The near collision of Vice President Bush's Air Force jet with a single-engine plane Thursday near Seattle apparently occurred because the small plane's pilot failed to notice the approaching jet, Federal Aviation Administration sources said yesterday.
An air traffic controller helped avert a collision when he told the pilot of Air Force Two by radio to be on the lookout for another plane in the vicinity, FAA spokesman Ed Pinto said.
The two planes came within about 200 feet horizontally before Air Force Two's co-pilot took command and dropped a few hundred feet to avoid the small plane, said Liz Grundy, speaking for Bush's office.
The FAA and the National Transportation Safety Board are investigating. The Air Force pilots did not file a formal report with either agency, officials said.
The near miss "shouldn't have happened. It's not to be diminished," Pinto said. "We consider it to be serious."
The small craft, not identified by the Air Force pilots but described as green and white, was equipped with a transponder, a device that signaled its location but not its altitude to a controller's radar screen at Seattle-Takoma Airport, Pinto said.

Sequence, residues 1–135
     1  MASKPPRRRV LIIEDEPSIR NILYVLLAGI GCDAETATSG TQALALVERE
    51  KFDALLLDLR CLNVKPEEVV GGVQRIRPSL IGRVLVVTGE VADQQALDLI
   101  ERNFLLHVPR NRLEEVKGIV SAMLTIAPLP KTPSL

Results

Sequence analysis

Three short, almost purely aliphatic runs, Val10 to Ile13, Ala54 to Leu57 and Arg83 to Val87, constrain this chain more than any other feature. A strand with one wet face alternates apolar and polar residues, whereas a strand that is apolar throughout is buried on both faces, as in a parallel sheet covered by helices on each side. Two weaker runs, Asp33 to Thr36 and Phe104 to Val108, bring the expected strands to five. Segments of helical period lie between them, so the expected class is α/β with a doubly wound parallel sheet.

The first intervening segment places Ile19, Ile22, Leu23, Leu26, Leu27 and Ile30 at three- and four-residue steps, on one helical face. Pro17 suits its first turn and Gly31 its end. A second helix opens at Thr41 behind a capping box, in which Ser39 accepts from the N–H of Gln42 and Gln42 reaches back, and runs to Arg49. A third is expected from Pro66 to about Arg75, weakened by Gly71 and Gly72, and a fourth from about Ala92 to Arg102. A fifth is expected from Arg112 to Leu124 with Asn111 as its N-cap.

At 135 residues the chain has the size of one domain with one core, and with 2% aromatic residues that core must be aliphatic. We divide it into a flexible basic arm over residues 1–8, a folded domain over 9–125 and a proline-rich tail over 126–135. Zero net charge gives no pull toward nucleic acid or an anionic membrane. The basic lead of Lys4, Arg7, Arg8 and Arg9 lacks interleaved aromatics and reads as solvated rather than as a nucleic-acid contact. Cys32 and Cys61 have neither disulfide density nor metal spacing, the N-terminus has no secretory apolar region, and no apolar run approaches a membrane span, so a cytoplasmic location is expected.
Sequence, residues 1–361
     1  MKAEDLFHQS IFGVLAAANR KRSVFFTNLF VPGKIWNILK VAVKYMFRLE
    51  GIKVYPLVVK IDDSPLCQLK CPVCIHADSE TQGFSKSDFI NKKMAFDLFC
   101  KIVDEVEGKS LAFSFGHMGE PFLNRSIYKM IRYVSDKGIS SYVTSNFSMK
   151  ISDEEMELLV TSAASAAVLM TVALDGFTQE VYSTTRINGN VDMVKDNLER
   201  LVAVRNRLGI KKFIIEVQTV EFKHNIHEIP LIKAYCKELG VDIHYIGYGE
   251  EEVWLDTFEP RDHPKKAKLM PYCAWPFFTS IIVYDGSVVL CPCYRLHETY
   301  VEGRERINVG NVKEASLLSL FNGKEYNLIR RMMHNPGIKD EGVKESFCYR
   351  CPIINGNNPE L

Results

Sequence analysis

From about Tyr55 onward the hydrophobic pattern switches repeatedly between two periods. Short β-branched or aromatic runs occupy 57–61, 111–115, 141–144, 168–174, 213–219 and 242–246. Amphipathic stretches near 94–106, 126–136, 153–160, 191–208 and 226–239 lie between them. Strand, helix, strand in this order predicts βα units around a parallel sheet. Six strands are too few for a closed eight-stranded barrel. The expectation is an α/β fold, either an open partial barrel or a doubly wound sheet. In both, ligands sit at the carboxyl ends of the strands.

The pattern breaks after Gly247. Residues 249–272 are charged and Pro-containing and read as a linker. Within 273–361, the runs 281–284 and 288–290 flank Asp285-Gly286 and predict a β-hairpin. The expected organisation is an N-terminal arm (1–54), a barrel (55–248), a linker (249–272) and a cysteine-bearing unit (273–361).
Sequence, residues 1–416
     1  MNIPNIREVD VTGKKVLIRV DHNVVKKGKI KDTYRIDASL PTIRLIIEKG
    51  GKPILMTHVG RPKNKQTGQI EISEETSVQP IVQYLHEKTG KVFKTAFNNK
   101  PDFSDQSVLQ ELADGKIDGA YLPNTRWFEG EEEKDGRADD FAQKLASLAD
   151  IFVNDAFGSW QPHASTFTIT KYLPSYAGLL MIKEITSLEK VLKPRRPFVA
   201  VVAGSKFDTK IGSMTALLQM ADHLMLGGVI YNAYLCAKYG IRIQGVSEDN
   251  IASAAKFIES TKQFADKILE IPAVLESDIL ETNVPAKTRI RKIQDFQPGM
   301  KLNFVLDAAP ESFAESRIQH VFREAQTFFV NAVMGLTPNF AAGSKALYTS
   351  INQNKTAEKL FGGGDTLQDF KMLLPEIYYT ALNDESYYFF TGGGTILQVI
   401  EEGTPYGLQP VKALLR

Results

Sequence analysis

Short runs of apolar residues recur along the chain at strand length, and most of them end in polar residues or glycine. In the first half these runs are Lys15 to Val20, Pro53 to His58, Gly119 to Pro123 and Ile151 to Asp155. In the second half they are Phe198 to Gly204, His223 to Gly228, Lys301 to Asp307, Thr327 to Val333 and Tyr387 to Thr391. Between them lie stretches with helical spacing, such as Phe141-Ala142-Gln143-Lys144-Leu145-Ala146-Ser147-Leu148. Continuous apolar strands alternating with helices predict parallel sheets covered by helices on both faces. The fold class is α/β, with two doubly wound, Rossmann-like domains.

A few minutes before the near collision, the controller notified the Air Force Two pilot that the plane was two miles away "and told him to start looking at 10 o'clock," Pinto said.
The near collision occurred at 2,600 feet as Air Force Two -- carrying more than 25 Bush staff members, reporters and Secret Service agents -- was descending northwest toward Boeing Airfield, seven miles away.
Air Force Two's co-pilot spotted the plane heading northeast almost straight toward the jet, and took the jet into a dive, Bush staff members said. Drinks spilled in the front cabin where Bush was sitting, Grundy said, adding that the vice president noticed the drop but "seemed unconcerned."
"You're talking to an old Navy pilot, where we used to fly wing-to-wing, the guys' wingtips almost touching," Bush told reporters later. "Two hundred feet? That seems like a mile to me."
The small plane passed 300 to 500 feet over Air Force Two, Pinto said.
It was the second near mishap for Bush's plane in three weeks. On Sept. 30, Air Force Two, a modified Boeing 707, came within three-fourths of a mile of a twin-propeller plane outside Cleveland. FAA sources said this apparently was the result of a controller's error.
Pinto said there is no requirement at Seattle-Takoma Airport that a private pilot communicate with controllers or maintain a set distance from other planes.
FAA sources said the near collision again raises questions about the safety of some small business and pleasure planes not in contact with controllers. An FAA report released this week said that 92 percent of near collisions involve such light aircraft.
FAA officials added, however, that the Aircraft Owners and Pilots Association, which represents these pilots, has stepped up its campaign to remind members to "see and avoid."
The FAA said the number of near collisions has declined for several years, from 586 in 1980 to 286 last year.